Webinar: HITRC gearing up for RECs to 'convene and connect'
The Health IT Resource Center (HITRC) structure to convene and connect regional extension centers (RECs) and the health IT industry could also set the stage for the RECs themselves to provide a common forum for providers in their area, according to Melissa Rutala, MPH, director of the Arizona Health-e Connection Regional Extension Center, during a webinar hosted by healthcare nonprofit eHealth Initiative on RECs.

“We are looking at some web-portal technology that will allow us to manage membership, distribute general education modules that are being developed at the national level...and facilitate member-community user groups and connect providers,” stated Rutala. "That will help ease the burden of best practices among RECs.”

The webinar was the second in a series of webinars focused on RECs from the Washington, D.C.-based eHealth Initiative. The session from this week focused on RECs’ service offerings, sustainability and plans to date.

“Once HITRC successfully realizes its mission, there will be at least 100,000 priority primary care physicians (PPCPs) meaningfully using EHRs by 2012,” said featured speaker Ned Ellington, PhD, HITRC division of the Office of Provider Adoption Support at the Office of the National Coordinator for Health IT (ONC).

HITRC’s mission is to accelerate the adoption and meaningful use of EHRs with objectives to convene RECs, provide technical assistance and deliver usable tools and artifacts to improve patient care.

“Congress has given us an opportunity to stand up the REC and have boots on the ground to focus on a sector of providers--the small doctor operations--that will probably get ignored if we don’t [pay attention],” said Ellington. “What we’re going to learn over the next six months to a year is how to implement the EHR, make it work and improve quality in the small doctor operations space.”

Ellington stated that HITRC would then shift focus from a “resource” perspective to a “research” perspective to figure out empirical best practices.

To “convene and connect” RECs, Ellington stated that he believes most of the activity will be transmitted in the virtual world. Therefore, HITRC is currently building out a virtual infrastructure for RECs to communicate with one another through various means, including web meetings, private portals and a public website encouraging RECs to learn from each other.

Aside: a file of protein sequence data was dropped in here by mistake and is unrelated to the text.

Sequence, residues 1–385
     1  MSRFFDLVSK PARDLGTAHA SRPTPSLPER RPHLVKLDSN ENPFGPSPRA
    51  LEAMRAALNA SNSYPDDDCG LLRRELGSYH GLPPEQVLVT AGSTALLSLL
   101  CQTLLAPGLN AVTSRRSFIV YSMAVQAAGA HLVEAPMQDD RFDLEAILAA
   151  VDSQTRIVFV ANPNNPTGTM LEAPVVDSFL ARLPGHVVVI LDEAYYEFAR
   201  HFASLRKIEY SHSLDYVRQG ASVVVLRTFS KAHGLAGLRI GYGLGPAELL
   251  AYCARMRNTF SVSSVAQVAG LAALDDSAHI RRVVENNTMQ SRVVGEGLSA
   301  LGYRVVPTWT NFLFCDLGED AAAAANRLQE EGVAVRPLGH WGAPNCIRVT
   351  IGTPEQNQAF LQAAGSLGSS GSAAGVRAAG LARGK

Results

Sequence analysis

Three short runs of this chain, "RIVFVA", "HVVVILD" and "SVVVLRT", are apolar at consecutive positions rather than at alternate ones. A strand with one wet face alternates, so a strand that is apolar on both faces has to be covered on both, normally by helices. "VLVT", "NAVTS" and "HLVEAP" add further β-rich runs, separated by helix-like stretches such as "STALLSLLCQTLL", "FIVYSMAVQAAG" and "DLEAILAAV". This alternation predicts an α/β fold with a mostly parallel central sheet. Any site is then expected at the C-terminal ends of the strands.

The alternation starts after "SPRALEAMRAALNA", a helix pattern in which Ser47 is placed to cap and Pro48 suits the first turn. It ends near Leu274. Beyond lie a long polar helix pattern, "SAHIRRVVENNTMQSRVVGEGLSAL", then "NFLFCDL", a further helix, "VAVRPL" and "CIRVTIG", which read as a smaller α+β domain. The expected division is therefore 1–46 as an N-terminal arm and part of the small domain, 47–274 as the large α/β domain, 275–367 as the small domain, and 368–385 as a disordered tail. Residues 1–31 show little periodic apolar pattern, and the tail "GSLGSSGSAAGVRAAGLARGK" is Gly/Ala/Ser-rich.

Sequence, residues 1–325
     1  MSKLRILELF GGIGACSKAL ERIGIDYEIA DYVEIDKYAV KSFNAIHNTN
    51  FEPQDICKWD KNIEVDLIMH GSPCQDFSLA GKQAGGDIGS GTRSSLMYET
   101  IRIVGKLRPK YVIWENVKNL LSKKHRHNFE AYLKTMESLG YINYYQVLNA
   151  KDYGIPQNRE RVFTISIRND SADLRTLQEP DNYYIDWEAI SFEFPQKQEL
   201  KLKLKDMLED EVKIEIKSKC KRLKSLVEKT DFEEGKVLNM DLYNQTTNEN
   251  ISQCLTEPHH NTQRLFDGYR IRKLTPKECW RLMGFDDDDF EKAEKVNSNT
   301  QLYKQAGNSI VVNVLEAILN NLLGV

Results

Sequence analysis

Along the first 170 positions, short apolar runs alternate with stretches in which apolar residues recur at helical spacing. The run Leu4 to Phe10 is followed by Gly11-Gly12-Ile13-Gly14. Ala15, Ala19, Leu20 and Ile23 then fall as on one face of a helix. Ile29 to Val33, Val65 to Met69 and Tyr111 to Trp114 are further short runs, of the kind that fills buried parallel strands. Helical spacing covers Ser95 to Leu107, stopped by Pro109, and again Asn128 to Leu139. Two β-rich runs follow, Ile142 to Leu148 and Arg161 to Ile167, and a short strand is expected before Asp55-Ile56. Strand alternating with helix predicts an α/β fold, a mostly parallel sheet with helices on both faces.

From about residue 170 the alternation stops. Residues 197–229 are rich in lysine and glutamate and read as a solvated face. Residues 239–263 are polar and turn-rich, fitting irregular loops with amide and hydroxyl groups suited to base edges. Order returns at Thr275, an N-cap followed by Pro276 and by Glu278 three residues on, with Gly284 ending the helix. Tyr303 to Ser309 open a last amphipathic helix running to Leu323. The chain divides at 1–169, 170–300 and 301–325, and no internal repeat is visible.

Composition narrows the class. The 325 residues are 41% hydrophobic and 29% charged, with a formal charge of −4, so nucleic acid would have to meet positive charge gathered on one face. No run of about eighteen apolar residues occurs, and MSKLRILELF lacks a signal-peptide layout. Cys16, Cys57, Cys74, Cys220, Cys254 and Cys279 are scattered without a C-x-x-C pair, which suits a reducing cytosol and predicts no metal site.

“If a REC is working with a small doctor operation and a question arises, we need to answer those questions in real-time,” said Ellington.

HITRC’s strategy to harness power nationwide is to build “communities of practice,” because it is critical to share best practices. “How do we sign up 100,000 clinicians? Well, we have 60 RECs working on it and they all have great ideas,” Ellington said. For example, what might work in Georgia might not work everywhere, but could work in one or two other communities, he added.

HITRC is gearing up plans to “kick off” regional meetings for July and August and is currently developing an annual meeting (date TBA) for RECs and the public to share ideas in the field.

The webinar also featured a REC panel discussion, during which representatives from some RECs provided insights into their strategies for the future. All panelists noted that change management will be a tremendous undertaking as the REC program rolls forward.

For example, the REC goal for the Ohio Health Information Partnership (OHIP) is to have 6,000 PPCPs meaningfully using EHRs by Feb. 8, 2012, according to Amy Andres, chairperson of the board of OHIP, Health IT Officer for the state of Ohio and chief of staff at the Ohio Department of Insurance. To achieve this goal, OHIP will have to sign on approximately 75 providers a week, Andres noted.

Arizona Health-e Connection's goal is 2,010 PPCPs by April 2012, according to Rutala. Because not all participating PPCPs will get to meaningful use, Rutala suggested that the RECs set "appropriate expectations with providers."

The webinar was sponsored by McKesson, RelayHealth and HP.